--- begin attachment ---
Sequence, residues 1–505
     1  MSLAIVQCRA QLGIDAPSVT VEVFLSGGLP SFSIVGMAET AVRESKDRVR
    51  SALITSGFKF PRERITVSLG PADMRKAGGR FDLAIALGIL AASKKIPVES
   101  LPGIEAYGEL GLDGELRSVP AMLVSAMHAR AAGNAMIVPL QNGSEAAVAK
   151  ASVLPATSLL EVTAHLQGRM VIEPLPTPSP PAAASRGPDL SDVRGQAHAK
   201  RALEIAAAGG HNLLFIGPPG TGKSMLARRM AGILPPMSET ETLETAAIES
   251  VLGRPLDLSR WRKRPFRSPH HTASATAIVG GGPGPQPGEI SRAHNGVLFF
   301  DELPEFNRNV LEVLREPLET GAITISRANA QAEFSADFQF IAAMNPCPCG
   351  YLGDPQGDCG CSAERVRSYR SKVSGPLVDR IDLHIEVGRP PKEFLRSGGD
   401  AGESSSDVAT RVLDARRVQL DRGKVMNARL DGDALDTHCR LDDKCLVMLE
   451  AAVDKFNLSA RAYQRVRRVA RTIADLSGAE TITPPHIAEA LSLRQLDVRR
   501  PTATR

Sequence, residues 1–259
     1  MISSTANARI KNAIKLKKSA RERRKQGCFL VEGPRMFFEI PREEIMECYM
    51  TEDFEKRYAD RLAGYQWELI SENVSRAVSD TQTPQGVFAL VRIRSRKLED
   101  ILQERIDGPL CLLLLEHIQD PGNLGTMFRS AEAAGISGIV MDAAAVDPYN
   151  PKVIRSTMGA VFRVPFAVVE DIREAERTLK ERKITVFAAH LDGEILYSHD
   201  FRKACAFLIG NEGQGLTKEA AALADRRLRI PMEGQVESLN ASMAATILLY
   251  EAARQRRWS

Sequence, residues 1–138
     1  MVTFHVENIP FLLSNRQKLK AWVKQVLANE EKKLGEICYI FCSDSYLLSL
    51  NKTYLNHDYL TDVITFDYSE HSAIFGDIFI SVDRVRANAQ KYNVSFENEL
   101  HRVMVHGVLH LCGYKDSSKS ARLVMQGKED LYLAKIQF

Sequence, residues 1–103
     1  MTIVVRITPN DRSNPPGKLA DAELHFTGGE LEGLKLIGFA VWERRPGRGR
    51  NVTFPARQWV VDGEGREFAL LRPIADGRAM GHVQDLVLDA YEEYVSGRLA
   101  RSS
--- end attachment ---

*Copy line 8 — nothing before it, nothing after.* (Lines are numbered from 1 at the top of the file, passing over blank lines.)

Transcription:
   301  DELPEFNRNV LEVLREPLET GAITISRANA QAEFSADFQF IAAMNPCPCG